Tree protesters are set to hold a 'Christmas light vigil' tomorrow in a bid to save Sheffield trees they say have been famed for their 'light show' for three decades, that now face the axe as part of a council programme to remove and replace thousands of trees across the city.
Members and supporters of Sheffield Tree Action Groups, or STAG, will hold the night-time vigil for trees in Abbeydale Park Rise, Dore from 9pm tomorrow.
The group claim the trees were originally bought by residents, and that many people across the city would miss their springtime blossom and the Christmas 'light show' they provide should they be felled.
A spokesman for STAG said: Two now elderly women, who still live on Abbeydale Park Rise, coordinated and collected the monies and liaised with the Council on the planting of the trees.
"They both have trees outside their houses which are listed for removal."
STAG say they believe the trees could be chopped down imminently, and hope tomorrow evening's vigil and subsequent protests will prevent the council from felling them.
The STAG spokesman added: "The road, justly also famous for its blossom in Spring, is perhaps to be the setting of a determined defence when the felling crews with their chainsaws and chipping machines arrive.
"On Sunday, August 6 at 9pm they will hold a vigil under their lights, lit up unseasonably, but defiantly, in Summer."
Campaigners claim healthy trees are being unnecessarily destroyed but the council says the work is required to remove diseased, damaged or dangerous trees.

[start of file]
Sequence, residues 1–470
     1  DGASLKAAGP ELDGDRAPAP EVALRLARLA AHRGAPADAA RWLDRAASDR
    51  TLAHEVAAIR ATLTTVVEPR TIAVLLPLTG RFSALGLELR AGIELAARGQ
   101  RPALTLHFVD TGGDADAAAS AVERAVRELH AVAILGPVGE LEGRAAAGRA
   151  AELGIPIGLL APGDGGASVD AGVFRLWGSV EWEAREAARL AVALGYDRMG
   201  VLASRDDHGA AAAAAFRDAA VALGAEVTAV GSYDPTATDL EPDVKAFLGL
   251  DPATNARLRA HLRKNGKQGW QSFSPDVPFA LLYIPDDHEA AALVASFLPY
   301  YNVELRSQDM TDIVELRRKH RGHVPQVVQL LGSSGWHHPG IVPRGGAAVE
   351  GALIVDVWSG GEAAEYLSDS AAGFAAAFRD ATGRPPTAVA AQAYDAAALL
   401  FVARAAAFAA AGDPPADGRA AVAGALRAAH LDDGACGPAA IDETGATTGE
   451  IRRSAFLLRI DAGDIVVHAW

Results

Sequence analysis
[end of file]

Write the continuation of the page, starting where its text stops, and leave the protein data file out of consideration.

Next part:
Six thousand of Sheffield’s 36,000 street trees should have been replaced by the end of the year, with 600 more trees being planted before the end of the programme, according to the council.
Sheffield Council is taking legal action over continued protests against the chopping down of thousands of trees in the city as part of a £2billion roads and streets improvement programme.
Last week High Court judge, Mr Justice Males, adjourned a decision on whether he will grant injunctions against tree felling protesters for two weeks, following a three-day court battle at Leeds Crown Court.
Mr Justice Males indicated that if he was minded to grant injunctions against protesters, it was likely he would not impose them immediately to allow campaigners to appeal. The council is seeking permanent injunctions against the defendants and ‘persons unknown’. Protesters object to widespread tree felling which is being carried out as part of the council’s Streets Ahead contract with Amey.
Sheffield City Council say campaigners are protesting inside safety barriers ‘unlawfully’ and as a result holding up work - which is costing the taxpayer money. If the campaigners are served with injunctions and break them they will be in contempt of court, and could face fines or even prison.
The defendants’ claim the council had felled trees as it was the most profitable option under the contract and they had failed to explore other alternatives to chopping them down.
They also say the case is not just about the council’s decision to pull down thousands of healthy trees but the burden the local authority had been placed under by entering into a PFI contract with Amey.
The three defendants are Alison Teal, Green Party councillor for Nether Edge and Sharrow, Calvin Payne, a former civil servant, and retired actor Dave Dillner.
The council had initially sought injunctions against eight people.
The five other defendants have now signed undertakings and chose not to contest the matter in court because of the costs involved in the legal battle, which could be around £100,000.
Read more at: http://www.yorkshirepost.co.uk/news/campaigners-and-sheffield-city-council-chiefs-face-wait-for-ruling-on-tree-protest-injuctions-1-8674997